Every job comes with its own, unique perks, but NASA astronauts seem to have the best perk of all: The opportunity to visit space.
That's not the only bonus, however, according to NASA astronaut Andrew J. Feustel.
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"The other wonderful thing about this job is the opportunity to go and talk to people about what we do — especially kids," Feustel told Business Insider during a press event at NASA's Johnson Spaceflight Center in December.
Feustel first signed on to be a NASA astronaut in July 2000 and is now one of the 47 active astronauts at NASA today. He's spent over 40 hours in the unprotected confines of outer space, performing space walks that included upgrades to prolong the life of the famous Hubble Space Telescope.
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"I hope that over the 15 years that I've been an astronaut and in the years to follow, I will continue to be able to inspire children," he said at the event which was to promote the Digital HD and Blu-ray/DVD release of the sci-film "The Martian." Both are now available.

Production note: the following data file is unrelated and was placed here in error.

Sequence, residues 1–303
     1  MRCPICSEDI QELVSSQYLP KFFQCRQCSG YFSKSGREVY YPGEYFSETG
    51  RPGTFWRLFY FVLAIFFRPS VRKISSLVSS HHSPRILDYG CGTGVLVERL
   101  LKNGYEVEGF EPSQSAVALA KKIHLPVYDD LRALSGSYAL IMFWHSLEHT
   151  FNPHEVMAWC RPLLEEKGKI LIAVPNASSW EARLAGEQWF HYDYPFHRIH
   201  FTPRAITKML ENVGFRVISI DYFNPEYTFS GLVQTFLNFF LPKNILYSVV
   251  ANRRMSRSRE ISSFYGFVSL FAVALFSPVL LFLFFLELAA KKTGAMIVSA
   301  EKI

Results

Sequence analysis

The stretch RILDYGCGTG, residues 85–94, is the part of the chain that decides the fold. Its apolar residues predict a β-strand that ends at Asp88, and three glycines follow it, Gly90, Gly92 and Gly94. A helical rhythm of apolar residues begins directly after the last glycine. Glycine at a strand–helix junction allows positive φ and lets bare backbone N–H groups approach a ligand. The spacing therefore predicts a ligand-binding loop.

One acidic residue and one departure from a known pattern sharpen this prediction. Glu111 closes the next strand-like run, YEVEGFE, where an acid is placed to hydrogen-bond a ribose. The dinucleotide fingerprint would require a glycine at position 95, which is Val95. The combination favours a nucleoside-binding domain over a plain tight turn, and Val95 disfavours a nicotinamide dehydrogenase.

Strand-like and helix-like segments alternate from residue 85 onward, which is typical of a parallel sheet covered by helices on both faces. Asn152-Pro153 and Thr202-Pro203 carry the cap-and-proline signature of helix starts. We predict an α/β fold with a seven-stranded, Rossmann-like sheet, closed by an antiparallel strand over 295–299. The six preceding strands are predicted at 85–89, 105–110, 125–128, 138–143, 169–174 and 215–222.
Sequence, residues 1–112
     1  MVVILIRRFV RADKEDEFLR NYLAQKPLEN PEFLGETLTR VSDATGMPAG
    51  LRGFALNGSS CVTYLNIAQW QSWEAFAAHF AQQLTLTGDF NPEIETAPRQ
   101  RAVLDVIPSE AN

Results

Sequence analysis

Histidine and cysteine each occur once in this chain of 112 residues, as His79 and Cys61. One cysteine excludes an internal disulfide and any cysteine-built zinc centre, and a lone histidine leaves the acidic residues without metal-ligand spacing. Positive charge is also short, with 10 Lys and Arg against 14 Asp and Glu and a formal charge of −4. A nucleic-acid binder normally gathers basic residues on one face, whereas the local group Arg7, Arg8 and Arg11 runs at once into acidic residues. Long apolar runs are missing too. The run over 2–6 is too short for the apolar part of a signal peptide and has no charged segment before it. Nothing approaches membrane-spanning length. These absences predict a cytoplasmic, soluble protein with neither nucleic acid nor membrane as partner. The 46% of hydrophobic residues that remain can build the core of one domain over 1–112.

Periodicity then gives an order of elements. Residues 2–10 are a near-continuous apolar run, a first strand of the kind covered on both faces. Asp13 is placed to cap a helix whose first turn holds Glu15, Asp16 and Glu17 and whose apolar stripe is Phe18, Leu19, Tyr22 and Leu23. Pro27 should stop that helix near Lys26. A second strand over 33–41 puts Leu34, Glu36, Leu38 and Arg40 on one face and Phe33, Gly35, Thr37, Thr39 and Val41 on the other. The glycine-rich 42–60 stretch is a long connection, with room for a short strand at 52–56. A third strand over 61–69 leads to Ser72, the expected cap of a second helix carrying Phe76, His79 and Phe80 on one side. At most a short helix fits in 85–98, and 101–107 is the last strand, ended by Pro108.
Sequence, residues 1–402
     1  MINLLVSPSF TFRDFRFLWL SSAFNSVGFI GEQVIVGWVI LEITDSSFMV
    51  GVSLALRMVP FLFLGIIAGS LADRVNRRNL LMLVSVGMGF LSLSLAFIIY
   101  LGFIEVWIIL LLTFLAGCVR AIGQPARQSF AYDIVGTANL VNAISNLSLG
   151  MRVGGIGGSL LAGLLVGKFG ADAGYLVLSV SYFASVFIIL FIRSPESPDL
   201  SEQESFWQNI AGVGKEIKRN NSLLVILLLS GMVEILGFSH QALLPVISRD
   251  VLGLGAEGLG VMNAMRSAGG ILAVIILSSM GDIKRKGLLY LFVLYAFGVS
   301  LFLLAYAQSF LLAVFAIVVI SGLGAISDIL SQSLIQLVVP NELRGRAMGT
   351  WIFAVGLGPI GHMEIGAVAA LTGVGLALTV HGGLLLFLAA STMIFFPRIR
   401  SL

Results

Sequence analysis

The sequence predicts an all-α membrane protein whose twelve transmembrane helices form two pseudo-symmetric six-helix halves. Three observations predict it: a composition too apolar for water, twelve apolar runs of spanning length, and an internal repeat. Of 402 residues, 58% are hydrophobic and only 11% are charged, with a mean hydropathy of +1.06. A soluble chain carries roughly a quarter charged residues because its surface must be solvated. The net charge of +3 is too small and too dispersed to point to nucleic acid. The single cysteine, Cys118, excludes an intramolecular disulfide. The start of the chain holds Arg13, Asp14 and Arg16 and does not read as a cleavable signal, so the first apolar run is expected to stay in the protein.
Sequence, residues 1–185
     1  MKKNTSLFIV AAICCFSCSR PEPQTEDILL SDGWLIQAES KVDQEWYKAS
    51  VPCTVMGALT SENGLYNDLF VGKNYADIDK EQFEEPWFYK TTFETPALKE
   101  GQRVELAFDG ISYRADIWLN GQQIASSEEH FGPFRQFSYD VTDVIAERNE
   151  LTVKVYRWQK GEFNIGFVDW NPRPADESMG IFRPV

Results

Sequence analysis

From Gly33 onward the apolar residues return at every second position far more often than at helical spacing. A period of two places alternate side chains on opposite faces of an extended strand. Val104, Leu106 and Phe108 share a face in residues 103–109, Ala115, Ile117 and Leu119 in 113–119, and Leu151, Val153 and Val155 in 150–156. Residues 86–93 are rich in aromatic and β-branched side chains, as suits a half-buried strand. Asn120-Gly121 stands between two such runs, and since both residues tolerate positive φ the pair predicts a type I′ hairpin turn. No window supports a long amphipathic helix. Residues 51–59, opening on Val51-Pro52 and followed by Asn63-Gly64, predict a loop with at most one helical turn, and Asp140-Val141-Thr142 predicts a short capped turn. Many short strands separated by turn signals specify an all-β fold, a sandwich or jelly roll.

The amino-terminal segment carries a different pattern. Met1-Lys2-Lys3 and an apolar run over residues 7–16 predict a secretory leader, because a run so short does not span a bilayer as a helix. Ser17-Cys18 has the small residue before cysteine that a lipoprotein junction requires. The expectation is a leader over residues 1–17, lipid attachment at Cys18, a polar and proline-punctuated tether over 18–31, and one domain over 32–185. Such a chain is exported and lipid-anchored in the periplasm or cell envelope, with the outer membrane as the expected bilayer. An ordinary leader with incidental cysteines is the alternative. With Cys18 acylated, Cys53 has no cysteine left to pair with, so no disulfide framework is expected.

For Feust, there was no question growing up that space was going to be a part of his future. He was born in 1965, smack in the middle of the great space race between the US and USSR, and it was this feverish thirst for space exploration that inspired Feust, along with an entire generation, to reach for the stars.
But it's not the drive to become an astronaut that Feust tries to inspire in the generations to come. He envisions something grander.
"I hope that every time I go to talk to a school, youth organization, or university that there's somebody there that heard what I said and was inspired personally to go off and pursue whatever goal they had. It doesn't have to be space exploration," he said.
"It doesn't have to be to become an astronaut, but that they were inspired to follow the dream that they had and pursue that and be successful."